The summer breeze tickled my skin as I stood outside the small stone chapel. White cloud puffs floated like cruising ships in the blue sky while the sun beat down on my pale skin. I’d have to move soon or risk getting burned. My large, floppy hat protected my freckled face but my arms were exposed.
Rubbing my hands over them, I inched closer to my personal nightmare.
I thought coming back to the place it all ended would bring me some kind of comfort, but all I felt was despair. It had been just over a year since my best friend, Sarah, and I giggled our way up the stone path, my wedding dress draped across my arm. Giddy excitement had made us dance and act like schoolgirls. I was getting married. It was meant to be the most thrilling day of my life. And it was…until my mother opened the door to the dressing room.
“He’s gone, love.” Her eyes were messy with tears, her skin pale.
“What do you mean?” I gripped the bench seat I was sitting on, not wanting to match the words with her expression. It couldn’t be true. Blake wouldn’t leave me on our wedding day. We loved each other.
He was my soul mate.
“Justin and his father are heading to the crash site now.”
My heart went limp. It deflated to a flat pancake and slithered into my belly while a thick, pounding beat pulsed through my head.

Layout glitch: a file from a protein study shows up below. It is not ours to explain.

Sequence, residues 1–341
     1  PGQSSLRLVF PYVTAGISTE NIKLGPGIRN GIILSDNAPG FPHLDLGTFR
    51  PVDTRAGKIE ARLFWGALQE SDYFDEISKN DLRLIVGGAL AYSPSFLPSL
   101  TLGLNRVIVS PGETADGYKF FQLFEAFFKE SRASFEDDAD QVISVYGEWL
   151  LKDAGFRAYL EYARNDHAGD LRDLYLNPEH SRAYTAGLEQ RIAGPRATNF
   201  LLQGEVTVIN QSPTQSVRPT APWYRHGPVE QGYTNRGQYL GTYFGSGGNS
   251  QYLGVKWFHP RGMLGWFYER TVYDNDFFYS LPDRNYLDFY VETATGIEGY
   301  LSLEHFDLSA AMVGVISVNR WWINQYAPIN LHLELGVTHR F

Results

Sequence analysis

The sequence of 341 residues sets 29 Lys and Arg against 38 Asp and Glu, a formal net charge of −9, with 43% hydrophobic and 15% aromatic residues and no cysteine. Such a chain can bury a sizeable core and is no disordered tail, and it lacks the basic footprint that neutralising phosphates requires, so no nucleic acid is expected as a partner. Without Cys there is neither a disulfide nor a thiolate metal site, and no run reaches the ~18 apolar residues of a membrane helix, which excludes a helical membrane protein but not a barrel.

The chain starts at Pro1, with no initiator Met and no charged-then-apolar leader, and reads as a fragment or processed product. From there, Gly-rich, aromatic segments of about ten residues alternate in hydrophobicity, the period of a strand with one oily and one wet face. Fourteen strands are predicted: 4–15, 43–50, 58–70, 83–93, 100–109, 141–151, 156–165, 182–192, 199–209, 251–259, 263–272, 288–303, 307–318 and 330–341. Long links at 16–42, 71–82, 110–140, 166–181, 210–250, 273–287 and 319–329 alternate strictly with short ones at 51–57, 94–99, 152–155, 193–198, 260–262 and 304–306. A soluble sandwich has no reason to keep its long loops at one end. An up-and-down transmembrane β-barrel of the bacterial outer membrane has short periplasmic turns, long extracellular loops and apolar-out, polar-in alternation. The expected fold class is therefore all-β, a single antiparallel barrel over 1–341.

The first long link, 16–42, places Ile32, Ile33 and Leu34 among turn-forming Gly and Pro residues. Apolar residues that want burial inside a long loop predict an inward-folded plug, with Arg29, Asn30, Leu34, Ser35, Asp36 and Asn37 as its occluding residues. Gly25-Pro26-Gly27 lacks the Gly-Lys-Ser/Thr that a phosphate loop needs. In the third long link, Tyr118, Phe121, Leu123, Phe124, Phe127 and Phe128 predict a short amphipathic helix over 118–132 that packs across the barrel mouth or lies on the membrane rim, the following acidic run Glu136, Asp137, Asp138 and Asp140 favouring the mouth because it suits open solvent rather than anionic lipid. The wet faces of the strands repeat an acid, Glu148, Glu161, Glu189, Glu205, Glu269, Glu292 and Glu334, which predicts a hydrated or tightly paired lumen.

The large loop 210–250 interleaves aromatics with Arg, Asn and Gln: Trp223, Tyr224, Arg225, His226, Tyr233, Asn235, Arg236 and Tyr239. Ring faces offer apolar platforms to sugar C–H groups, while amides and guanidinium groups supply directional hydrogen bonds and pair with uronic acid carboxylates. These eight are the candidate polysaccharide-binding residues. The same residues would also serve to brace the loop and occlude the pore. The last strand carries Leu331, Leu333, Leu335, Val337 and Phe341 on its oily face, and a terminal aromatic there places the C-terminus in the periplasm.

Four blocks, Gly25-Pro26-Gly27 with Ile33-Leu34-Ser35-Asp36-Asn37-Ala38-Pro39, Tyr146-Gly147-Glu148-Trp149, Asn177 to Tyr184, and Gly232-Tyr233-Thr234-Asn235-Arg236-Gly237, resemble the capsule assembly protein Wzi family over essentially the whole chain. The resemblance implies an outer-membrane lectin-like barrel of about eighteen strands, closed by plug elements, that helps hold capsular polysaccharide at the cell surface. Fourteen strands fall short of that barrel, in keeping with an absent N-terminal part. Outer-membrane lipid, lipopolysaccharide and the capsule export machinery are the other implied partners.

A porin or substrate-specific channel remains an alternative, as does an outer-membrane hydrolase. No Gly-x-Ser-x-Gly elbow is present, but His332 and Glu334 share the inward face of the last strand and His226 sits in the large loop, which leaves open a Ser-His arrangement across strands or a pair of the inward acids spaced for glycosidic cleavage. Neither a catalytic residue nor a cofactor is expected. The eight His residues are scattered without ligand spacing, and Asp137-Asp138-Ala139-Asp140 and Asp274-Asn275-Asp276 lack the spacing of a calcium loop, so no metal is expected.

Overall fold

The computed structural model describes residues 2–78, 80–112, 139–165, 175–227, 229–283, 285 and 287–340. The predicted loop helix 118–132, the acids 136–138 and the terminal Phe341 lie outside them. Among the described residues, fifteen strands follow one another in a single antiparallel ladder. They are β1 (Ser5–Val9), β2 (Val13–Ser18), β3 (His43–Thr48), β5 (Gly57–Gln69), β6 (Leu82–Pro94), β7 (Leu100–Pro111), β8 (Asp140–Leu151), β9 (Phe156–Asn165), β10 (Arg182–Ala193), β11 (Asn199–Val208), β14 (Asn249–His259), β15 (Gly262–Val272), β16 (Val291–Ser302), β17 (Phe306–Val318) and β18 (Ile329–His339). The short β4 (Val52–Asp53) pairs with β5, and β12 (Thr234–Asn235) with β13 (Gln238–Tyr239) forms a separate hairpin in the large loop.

Sarah gripped my shoulder, her voice coming out broken and wispy. “How?”
“Motorcycle accident.” Mum’s voice turned to white noise, the throbbing inside me drowning out anything other than one simple fact: the love of my life was dead and he wouldn’t be marrying me.
Not that day.
Tears burned my eyes as I gritted my teeth and glared at the wooden doors, the ones Blake and I were supposed to run through while people blew bubbles over our heads.
Sarah and I had planned the day to perfection.
The perfect wedding to start the perfect life.
Instead it had become my worst nightmare. One I couldn’t seem to recover from.
Turning my back on the chapel, I headed to my rental car. Mum told me I could have just borrowed one from Aunt Helen, but I didn’t want the family knowing I was there. She seemed to understand my reasoning. My return to England was not a catch-up.
I was looking for…
What? I still wasn’t sure.
I had to move on.
I figured out about a month ago that no matter how hard I wished for it, I was still waking up every morning, alive and well. It hit me like a mallet to the face that I could be doing that for the next seventy-five years. Was I really prepared to keep trudging away at life, acting like a robot so I didn’t have to feel Blake’s loss so deeply?
I couldn’t do it.
I had to find my way, figure out how to be a person without him.
Dumping my hat on the passenger seat, I started the car and pulled away from the church, heading back toward Rye. It was the cutest, most adorable town in southern England. Only a few miles from the ocean, with quaint, cobbled streets and pubs that were hundreds of years old. My mother had lived there for a short time as a child, and when I came to visit the summer before I started college, I fell in love with it. When she showed me the church she and Dad had gotten married in, I was determined to keep that tradition going. I didn’t know at the time that I’d meet the one only a month after thinking that…and I definitely had no idea I’d be burying him in New Mexico five years later.